The VB AI Impact Tour: How long will humans stay in the auditing loop?

It’s the issue that takes the headlines and the question that keeps execs up at night: How do organizations audit their AI models for bias, performance and ethical standards?

VentureBeat welcomed UiPath and others to the latest VB AI Impact Tour in New York City to talk about methodologies, best practices and real world case studies. Michael Raj, VP of network enablement (AI and data) at Verizon Communications, Rebecca Qian, co-founder and CTO at Patronus AI, and Matt Turck, managing director at FirstMark offered up distinct points of view. Closing the event, VB CEO Matt Marshall spoke with Justin Greenberger, SVP client success at UiPath, about what audit success looks like, and where to start.

“The risk landscape used to be evaluated on an annual basis,” Greenberger said. “I think the risk landscape needs to be evaluated almost monthly now. Do you understand your risks? Do you understand the controls that are mitigating them and how to evaluate that? IIA [Institute of Internal Auditors] just came out with their updated AI framework. It’s good, but again, it’s a lot of basics. What are your monitoring KPIs? What’s the transparency from the data source? Do you have sourceability? Do you have accountability? Do you have people signing off on the data sources? The evaluation cycle should be a lot tighter.”

He pointed to GDPR, which was widely viewed as over-regulation at the time, but which has ultimately created the data security foundation for most companies that exist today. What’s interesting about generative AI is that instead of the usual lag that comes in countries with stricter regulations, markets across the globe are keeping pace with one another, evolving at essentially the same speed — leveling the competitive field as organizations consider their risk tolerance across all axes of the technology as well as its potential ramifications.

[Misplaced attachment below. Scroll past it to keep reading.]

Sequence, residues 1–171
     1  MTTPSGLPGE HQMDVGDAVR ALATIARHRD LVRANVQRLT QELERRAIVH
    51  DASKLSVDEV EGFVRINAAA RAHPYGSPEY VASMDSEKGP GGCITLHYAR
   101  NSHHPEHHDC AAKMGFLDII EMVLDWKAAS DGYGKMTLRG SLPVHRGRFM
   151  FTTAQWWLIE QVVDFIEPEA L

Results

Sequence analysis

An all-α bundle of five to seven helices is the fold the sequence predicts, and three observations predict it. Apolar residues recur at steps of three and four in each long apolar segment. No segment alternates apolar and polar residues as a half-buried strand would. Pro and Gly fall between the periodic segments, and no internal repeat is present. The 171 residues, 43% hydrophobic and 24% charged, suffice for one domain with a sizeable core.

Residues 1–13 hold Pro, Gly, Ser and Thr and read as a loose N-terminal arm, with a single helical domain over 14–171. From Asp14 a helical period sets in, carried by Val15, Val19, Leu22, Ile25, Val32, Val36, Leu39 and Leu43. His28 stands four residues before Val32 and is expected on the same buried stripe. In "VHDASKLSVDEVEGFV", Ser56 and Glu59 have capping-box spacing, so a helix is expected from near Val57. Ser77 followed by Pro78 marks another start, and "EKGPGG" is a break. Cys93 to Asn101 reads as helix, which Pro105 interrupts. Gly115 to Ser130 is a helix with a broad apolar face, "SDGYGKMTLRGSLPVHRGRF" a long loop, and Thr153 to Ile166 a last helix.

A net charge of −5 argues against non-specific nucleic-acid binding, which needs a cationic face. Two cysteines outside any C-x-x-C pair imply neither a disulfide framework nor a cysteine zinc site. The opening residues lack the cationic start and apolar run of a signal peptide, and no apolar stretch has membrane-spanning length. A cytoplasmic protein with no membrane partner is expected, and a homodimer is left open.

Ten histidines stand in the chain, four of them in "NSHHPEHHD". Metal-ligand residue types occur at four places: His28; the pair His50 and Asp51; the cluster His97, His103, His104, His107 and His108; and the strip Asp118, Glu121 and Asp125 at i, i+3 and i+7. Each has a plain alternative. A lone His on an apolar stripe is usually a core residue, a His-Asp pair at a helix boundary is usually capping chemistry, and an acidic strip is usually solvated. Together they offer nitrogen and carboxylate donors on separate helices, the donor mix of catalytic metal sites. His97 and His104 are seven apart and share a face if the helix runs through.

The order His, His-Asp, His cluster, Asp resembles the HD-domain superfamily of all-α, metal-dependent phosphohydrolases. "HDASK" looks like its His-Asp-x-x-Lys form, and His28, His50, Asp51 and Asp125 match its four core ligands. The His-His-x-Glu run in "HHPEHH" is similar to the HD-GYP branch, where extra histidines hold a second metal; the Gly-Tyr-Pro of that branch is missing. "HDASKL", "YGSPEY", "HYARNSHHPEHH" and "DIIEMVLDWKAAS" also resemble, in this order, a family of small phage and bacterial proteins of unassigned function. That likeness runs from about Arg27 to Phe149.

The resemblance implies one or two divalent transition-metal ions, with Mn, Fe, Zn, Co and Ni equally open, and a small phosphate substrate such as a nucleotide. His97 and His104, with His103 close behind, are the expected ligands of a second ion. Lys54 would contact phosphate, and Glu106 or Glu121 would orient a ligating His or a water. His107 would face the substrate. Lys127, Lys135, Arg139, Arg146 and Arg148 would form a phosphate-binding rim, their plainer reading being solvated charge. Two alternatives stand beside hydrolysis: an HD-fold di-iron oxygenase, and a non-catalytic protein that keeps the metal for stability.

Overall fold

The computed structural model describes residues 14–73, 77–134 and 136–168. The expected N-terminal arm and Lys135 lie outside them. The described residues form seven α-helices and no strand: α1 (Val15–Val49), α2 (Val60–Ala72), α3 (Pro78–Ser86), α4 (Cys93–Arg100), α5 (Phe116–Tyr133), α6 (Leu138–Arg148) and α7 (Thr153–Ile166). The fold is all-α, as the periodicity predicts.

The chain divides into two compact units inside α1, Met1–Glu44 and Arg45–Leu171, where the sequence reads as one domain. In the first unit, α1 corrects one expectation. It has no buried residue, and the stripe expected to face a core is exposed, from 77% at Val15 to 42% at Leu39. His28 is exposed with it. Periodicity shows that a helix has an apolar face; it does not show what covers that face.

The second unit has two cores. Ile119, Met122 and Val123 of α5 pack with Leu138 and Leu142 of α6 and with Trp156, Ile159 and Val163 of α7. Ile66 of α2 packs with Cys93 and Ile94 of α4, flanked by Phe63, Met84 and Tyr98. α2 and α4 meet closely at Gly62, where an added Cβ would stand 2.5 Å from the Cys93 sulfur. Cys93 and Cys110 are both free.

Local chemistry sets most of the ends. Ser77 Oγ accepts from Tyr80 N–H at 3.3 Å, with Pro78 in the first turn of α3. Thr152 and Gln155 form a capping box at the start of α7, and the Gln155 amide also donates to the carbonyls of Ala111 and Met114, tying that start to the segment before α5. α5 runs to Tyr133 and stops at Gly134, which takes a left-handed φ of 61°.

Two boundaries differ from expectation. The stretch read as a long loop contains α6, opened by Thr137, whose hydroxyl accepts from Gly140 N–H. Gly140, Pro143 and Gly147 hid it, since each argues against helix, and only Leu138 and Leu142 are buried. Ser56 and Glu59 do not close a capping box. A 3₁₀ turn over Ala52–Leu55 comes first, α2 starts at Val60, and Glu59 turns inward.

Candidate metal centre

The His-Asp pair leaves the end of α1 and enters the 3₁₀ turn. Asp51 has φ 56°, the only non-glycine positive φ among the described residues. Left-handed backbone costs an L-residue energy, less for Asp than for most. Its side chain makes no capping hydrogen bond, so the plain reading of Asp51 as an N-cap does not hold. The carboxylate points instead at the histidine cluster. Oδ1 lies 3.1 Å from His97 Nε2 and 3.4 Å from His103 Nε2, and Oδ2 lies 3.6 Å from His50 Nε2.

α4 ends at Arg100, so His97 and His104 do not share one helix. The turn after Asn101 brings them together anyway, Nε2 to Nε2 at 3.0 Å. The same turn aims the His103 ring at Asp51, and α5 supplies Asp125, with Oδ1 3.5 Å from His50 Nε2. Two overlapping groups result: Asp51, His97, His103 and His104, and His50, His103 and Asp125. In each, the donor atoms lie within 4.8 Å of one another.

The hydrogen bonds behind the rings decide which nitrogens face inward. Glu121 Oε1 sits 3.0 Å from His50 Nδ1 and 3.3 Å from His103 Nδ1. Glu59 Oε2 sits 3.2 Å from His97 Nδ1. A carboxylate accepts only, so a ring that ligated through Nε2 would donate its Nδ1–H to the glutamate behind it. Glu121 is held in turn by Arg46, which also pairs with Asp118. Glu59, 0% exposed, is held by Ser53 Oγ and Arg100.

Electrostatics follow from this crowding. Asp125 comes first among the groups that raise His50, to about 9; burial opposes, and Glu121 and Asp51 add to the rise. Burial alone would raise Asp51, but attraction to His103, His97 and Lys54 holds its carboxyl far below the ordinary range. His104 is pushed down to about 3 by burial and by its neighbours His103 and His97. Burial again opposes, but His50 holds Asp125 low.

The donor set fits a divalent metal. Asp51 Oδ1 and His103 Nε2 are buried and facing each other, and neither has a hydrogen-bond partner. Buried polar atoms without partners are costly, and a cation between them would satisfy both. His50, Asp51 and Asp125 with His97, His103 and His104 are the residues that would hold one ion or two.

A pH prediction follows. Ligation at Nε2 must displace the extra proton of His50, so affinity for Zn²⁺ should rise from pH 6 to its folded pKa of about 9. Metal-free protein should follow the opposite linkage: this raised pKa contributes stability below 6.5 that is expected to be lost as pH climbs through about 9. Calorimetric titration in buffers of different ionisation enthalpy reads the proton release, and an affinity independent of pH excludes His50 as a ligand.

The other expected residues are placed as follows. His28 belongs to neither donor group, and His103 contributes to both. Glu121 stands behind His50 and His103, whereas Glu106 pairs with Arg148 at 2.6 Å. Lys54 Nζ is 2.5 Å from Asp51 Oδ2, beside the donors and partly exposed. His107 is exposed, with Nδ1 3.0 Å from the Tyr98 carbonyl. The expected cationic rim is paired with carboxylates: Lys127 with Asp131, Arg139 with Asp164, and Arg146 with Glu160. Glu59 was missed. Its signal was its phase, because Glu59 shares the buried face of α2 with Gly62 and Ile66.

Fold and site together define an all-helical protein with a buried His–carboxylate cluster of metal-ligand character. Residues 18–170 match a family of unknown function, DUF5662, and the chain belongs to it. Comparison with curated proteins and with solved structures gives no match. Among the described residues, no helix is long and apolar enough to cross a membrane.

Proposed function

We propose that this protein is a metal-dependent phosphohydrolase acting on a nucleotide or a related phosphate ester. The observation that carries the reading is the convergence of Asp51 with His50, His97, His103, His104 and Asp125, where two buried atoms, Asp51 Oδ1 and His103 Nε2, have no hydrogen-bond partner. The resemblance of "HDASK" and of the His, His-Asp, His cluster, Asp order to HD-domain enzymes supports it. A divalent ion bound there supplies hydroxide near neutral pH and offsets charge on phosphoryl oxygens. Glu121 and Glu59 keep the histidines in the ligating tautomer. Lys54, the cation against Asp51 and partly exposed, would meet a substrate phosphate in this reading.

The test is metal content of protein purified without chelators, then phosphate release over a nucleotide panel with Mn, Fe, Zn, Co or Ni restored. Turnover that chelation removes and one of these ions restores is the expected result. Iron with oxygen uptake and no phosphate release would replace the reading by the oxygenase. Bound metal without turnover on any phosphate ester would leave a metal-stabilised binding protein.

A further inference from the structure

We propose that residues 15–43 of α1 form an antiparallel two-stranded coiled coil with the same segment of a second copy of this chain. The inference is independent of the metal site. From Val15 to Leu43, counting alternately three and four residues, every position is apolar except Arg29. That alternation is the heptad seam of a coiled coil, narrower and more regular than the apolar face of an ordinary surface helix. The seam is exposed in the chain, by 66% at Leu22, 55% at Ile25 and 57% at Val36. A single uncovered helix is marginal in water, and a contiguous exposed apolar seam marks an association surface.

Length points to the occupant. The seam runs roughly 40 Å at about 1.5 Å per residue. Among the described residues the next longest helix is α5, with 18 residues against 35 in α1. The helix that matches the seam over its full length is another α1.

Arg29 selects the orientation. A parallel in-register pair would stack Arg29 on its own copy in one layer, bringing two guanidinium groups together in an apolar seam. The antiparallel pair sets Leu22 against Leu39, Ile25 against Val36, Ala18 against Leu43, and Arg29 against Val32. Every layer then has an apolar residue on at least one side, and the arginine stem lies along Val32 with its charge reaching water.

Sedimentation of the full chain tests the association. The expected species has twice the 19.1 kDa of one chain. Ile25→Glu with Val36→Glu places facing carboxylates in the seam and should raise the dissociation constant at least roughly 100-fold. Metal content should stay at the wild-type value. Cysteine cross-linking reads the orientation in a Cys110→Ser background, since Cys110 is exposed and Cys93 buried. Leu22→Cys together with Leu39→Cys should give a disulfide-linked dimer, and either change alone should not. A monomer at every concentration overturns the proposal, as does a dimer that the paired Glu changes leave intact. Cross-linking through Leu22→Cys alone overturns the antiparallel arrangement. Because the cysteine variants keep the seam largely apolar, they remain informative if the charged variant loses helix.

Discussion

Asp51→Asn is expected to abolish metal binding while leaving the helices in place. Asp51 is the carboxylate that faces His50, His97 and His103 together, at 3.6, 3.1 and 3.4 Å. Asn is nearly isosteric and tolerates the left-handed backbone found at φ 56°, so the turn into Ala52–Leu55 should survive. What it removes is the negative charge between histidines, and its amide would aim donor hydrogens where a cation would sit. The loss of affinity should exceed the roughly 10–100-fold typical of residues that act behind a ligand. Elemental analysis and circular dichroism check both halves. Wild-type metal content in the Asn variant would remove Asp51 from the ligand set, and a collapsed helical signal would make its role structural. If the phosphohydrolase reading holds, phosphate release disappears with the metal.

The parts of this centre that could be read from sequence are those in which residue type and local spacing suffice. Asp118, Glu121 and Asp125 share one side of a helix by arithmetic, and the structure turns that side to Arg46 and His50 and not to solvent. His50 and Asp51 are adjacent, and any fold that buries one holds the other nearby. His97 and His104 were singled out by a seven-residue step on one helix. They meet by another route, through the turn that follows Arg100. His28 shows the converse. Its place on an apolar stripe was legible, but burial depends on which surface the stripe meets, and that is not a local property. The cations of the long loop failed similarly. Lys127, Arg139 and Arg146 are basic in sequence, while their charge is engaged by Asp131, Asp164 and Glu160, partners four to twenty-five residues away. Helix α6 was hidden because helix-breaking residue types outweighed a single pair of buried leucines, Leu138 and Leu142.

Challenges as pilots and proof of concepts explode

True enterprise-wide transformation is still fairly nascent, but a huge number of companies have initial projects in place, testing the waters to some extent. Some challenges always remain the same — for instance, finding subject matter experts who have the contextual understanding and critical thinking skills required to establish the parameters of use cases and how they should be implemented. Another common audit and control challenge is enablement and engagement, which entails employee education, though at this stage of the gen AI revolution the full scope of what employees should and should not know or do is still not entirely clear, Greenberger said, especially as technology like deep fakes gain traction.

Lastly is catching up on the componentized implementation of generative AI. Organizations are largely adding generative AI to their workflows rather than overhauling entire processes, and audits will need to adapt as it becomes more widespread — for instance, monitoring the way private data is being pulled into and leveraged in a medical use case.

How the role of the human will evolve

Humans remain in the loop for now, as risks and controls continue to evolve along with the technology, Greenberger said. A user first queries, then gen AI makes the calculations, and supplies the data that the employee needs to do their job. At a logistics provider, it might be a job quote that the employee accepts and offers the to the customer. That decision and direct interaction with the customer is a human role that might end up on the chopping block however.

“Humans will still have a decisioning process as of now,” Greenberger said. “As we get more comfortable with the audit controls and spot checks over time, you’ll see that lessen. Will humans take on more of the creative and the emotional aspect? That’s what we get educated on as managers and executives now. Focus on creative and emotional concepts, because your decision-making responsibilities might be taken away from you. That’s more of a matter of time than anything.”


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